Fret not yourself because of evildoers;
be not envious of wrongdoers!
2 For they will soon fade like the grass
and wither like the green herb.
3 Trust in the LORD, and do good;
dwell in the land and befriend faithfulness.
4 Delight yourself in the LORD,
and he will give you the desires of your heart.
5 Commit your way to the LORD;
trust in him, and he will act.
6 He will bring forth your righteousness as the light,
and your justice as the noonday.
7 Be still before the LORD and wait patiently for him;
fret not yourself over the one who prospers in his way, over the man who carries out evil devices!
8 Refrain from anger, and forsake wrath!
Fret not yourself; it tends only to evil.
9 For the evildoers shall be cut off,
but those who wait for the LORD shall inherit the land.
10 In just a little while, the wicked will be no more;
though you look carefully at his place, he will not be there. 11 But the meek shall inherit the land
and delight themselves in abundant peace.
12 The wicked plots against the righteous
and gnashes his teeth at him,
13 but the Lord laughs at the wicked,
for he sees that his day is coming.
14 The wicked draw the sword and bend their bows
to bring down the poor and needy,
to slay those whose way is upright;
15 their sword shall enter their own heart,
and their bows shall be broken.
16 Better is the little that the righteous has
than the abundance of many wicked.
17 For the arms of the wicked shall be broken,
but the LORD upholds the righteous.
18 The LORD knows the days of the blameless,
and their heritage will remain forever;
19 they are not put to shame in evil times;
in the days of famine they have abundance.
20 But the wicked will perish;
the enemies of the LORD are like the glory of the pastures; they vanish—like smoke they vanish away.
21 The wicked borrows but does not pay back,
but the righteous is generous and gives;
22 for those blessed by the LORD shall inherit the land,
but those cursed by him shall be cut off.
23 The steps of a man are established by the LORD,
when he delights in his way;
24 though he fall, he shall not be cast headlong,
for the LORD upholds his hand.
25 I have been young, and now am old,
yet I have not seen the righteous forsaken
or his children begging for bread.
26 He is ever lending generously,
and his children become a blessing.
27 Turn away from evil and do good;
so shall you dwell forever.
28 For the LORD loves justice;
he will not forsake his saints.
They are preserved forever,
but the children of the wicked shall be cut off.
29 The righteous shall inherit the land
and dwell upon it forever.
30 The mouth of the righteous utters wisdom,
and his tongue speaks justice.
31 The law of his God is in his heart;
his steps do not slip.
32 The wicked watches for the righteous
and seeks to put him to death.
33 The LORD will not abandon him to his power
or let him be condemned when he is brought to trial.
34 Wait for the LORD and keep his way,
and he will exalt you to inherit the land;
you will look on when the wicked are cut off.
35 I have seen a wicked, ruthless man,
spreading himself like a green laurel tree.
36 But he passed away, and behold, he was no more; though I sought him, he could not be found.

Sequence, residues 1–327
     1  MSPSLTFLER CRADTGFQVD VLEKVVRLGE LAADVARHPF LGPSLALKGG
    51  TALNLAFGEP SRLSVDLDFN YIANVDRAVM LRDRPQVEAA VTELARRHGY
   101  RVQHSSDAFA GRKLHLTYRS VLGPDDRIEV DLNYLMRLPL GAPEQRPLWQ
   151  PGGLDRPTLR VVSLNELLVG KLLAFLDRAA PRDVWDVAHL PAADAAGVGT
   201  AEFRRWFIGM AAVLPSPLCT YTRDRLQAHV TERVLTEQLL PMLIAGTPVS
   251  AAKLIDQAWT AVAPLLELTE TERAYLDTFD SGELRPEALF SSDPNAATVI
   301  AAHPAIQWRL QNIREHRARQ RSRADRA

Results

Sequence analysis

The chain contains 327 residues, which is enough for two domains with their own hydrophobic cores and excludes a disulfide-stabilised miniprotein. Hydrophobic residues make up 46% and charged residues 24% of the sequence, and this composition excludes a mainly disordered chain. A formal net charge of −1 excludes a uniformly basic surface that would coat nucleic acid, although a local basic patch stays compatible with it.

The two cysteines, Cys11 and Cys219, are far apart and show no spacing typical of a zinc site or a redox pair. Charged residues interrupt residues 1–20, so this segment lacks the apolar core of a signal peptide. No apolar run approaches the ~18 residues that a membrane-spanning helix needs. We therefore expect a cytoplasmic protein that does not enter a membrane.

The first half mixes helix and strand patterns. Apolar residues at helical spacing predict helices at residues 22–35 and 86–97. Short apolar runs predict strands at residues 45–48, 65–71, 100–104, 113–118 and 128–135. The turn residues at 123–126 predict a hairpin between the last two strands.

37 Mark the blameless and behold the upright,
for there is a future for the man of peace.
38 But transgressors shall be altogether destroyed; the future of the wicked shall be cut off.
39 The salvation of the righteous is from the LORD; he is their stronghold in the time of trouble.
40 The LORD helps them and delivers them;
he delivers them from the wicked and saves them, because they take refuge in him.
“Blessed are the meek”. And here in Psalm 37 we see such a beautiful picture of exactly this. In fact, Jesus words in Matthew 5:5 are certainly a reference to, if not a direct quote from Psalm 37 verse 11.
Returning to our study of the beatitudes, so far, we have seen two, blessed are the poor in Spirit, and blessed are those who mourn. As we have said, the beatitudes lay out for us the spiritual progression that takes place in the life of a man who has been regenerated by the Spirit of God.
Titus 3:3-7 For we ourselves were once foolish, disobedient, led astray, slaves to various passions and pleasures, passing our days in malice and envy, hated by others and hating one another. But when the goodness and loving kindness of God our Savior appeared, he saved us, not because of works done by us in righteousness, but according to his own mercy, by the washing of regeneration and renewal of the Holy Spirit, whom he poured out on us richly through Jesus Christ our Savior, so that being justified by his grace we might become heirs according to the hope of eternal life.
He saved us, not by our works, but by His mercy, by the washing of regeneration and renewal of the Holy Spirit. Well, here in the beatitudes we see a portion of what this renewal of the Holy Spirit looks like in the life of one who is saved. This is the logical sequence of events God uses in our salvation as He renews us and brings us to Himself. First, He opens our eyes. Look at Titus 3:3 at who we were. Foolish, disobedient, led astray, slaves of various passions and pleasures, full of malice, envy, hatred, and yet we were exceptionally blind to it all. Actually more than blind, we thought ourselves justified in living as we did. Though that was who we were, we were at the very same time self-righteous and saw ourselves as